If we had the opportunity to relive fun moments from our younger days, most of us would jump at the chance.

As teenagers, my sister Amy and I were full-blown teenyboppers, admiring the boy band Backstreet Boys. I was a hard-core fan — collecting memorabilia, daydreaming about the youngest member of the band, and screaming in excitement at multiple concerts of theirs.

Fifteen years sped by quickly, and the five-member boy band, while still around, became a distant afterthought for me — until recently.

Amy informed me that the Backstreet Boys would be in Phoenix for a concert this month. Now in our early 30s, we thought it could be fun to relive our teenage years. So the two of us married gals, both with children, made the decision to temporarily step out of our matronly comfort zones and spend an evening re-creating our teen moments.

I have to admit I was excited when we bought our tickets. And we didn’t have to persuade our husbands to let us take what turned into a nearly 12-hour adventure. They were happy we were going on a girls’ trip, and they also looked forward to some extra bonding time with the kids.

The day of the show Amy and I belted out Backstreet Boys music on our road trip to Phoenix. We also reminisced about our adolescent years such as dancing to our favorite tunes in front of the mirror at our parent’s house and Amy accidentally changing a word in the song “As Long As You Love Me” to make for a not-so-appropriate verse.

We listened to “old school” songs from several of the band’s early CDs, released from the late 1990s to 2005 — the last year that I bought one of their CDs.

Amy and I had a couple minor glitches when approaching the concert venue in downtown Phoenix. We had some trouble finding the correct parking garage. And we accidentally drove the wrong direction down a one-way street, which resulted in five police officers running toward us, hands waving and yelling for us to stop. Oops. Still, we didn’t let that dispel our excitement.

Approaching the arena, we knew it would be an all-ages show. Waiting in line were a few children with their moms or dads, some older teens, and a crowd of people close to our age, who were teens or young adults when the band was first popular.

Once the opening acts took the stage in the nearly sold-out venue, Amy and I were hit with the comical realization that we aren’t as young as we used to be when we attended concerts back in the day.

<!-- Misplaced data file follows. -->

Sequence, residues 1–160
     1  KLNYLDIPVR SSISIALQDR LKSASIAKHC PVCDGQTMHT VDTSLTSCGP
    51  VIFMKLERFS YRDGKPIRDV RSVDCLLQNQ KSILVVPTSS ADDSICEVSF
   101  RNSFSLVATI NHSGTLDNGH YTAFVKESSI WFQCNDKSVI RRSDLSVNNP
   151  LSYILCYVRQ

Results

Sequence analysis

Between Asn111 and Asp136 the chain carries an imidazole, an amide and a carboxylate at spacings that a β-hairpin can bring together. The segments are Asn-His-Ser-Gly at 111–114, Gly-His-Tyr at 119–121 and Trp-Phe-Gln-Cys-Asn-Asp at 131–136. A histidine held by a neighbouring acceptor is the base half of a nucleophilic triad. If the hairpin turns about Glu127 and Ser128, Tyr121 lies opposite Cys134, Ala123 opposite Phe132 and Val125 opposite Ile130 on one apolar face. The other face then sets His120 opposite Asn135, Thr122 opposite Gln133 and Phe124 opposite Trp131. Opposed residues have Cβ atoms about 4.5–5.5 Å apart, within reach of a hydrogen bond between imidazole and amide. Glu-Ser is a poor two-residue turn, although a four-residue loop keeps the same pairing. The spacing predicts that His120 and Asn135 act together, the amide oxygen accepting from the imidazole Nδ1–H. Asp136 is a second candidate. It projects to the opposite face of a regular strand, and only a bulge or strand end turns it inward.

With most of the audience on their feet, Amy looked at me and asked, “Did we really stand for the entire Backstreet Boys concert before?” Yes, we did! As teenagers crushing on members of the band, we wouldn’t chance missing any move that the guys might make. As adults, however, we welcomed taking a break to sit in the comfy seats throughout the evening. I noticed many fellow concertgoers doing the same.

Amy and I also caught one another yawning – at only 8:15 p.m. We laughed at the sight of us slightly sleepy sisters waiting for Backstreet Boys to take the stage.

As expected, the music, combined with screaming fans, made for a loud environment. Amy was quite perturbed that she forgot her earplugs and after a while, she put toilet paper in her ears to block out the sound. She cleverly covered her ears with hair so her noise-obscuring approach wasn’t so obvious.

Another observation: I realized that in lieu of getting our “teenage dance on,” Amy and I both practiced our “mommy swing” during slower songs, swaying back and forth as though we were holding our kiddos.

All in all, the concert was great, and Amy and I definitely were re-energized upon singing along to many of the bands’ songs. Backstreet Boys were the same energetic guys that we remembered, even if we last saw them in concert a good 10 or so years ago.

At one point during the show, Backstreet Boy Kevin Richardson said to the audience, “We grew up. We’ve got babies. You’ve got babies.”

That’s definitely true. Life is quite different now, but in a very good way.

Years ago, we would have waited for a glimpse of the Backstreet Boys boarding their tour buses post-concert. On this particular evening, we happily strolled to the car, anxious to get home to our sweet babies and loving husbands.

Amy and I set out to relive our teenybopper days, and that is just what we did. We sure aren’t teenyboppers anymore, but we’ll always have great concert memories, both from years ago and from this most recent venture of ours.

Sarah McKeown works at a local charter school and lives on the east side with her husband and son. Email her at east@azstarnet.com